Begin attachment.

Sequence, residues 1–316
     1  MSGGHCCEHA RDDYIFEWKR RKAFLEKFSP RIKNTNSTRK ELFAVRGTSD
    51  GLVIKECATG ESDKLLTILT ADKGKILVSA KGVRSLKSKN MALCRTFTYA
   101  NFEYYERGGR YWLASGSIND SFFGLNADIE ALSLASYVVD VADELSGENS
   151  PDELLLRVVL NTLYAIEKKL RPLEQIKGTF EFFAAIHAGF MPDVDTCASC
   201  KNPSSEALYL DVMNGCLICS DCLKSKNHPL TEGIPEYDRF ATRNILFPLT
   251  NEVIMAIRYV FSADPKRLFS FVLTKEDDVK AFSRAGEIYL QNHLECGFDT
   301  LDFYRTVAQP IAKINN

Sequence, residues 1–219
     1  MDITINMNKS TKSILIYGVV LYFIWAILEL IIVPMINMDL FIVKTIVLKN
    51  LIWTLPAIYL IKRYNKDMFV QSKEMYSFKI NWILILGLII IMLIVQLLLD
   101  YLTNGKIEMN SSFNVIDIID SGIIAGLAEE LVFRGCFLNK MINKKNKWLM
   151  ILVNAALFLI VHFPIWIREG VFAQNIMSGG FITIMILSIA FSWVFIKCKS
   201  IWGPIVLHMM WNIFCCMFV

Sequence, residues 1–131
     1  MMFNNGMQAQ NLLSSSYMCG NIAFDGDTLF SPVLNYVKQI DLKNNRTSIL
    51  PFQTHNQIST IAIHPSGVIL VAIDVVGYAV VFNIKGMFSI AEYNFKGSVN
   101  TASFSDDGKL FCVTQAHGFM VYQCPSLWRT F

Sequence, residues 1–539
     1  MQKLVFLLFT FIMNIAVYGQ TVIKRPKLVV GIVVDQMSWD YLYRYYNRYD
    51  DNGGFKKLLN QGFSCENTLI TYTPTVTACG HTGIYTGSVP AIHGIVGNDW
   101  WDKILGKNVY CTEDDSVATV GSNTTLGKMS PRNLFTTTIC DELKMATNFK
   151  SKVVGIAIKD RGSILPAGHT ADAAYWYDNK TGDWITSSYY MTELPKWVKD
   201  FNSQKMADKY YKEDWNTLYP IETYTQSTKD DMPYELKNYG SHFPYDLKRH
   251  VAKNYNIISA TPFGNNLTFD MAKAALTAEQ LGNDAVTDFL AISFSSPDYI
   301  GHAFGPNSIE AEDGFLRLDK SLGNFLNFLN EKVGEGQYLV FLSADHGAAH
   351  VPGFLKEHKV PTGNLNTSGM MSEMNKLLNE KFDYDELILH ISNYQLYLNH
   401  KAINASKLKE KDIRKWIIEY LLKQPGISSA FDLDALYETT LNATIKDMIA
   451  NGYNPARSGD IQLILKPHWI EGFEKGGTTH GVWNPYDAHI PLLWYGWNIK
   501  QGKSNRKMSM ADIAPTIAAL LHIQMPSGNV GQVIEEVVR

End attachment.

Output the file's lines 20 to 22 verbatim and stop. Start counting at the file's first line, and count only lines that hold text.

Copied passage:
     1  MQKLVFLLFT FIMNIAVYGQ TVIKRPKLVV GIVVDQMSWD YLYRYYNRYD
    51  DNGGFKKLLN QGFSCENTLI TYTPTVTACG HTGIYTGSVP AIHGIVGNDW
   101  WDKILGKNVY CTEDDSVATV GSNTTLGKMS PRNLFTTTIC DELKMATNFK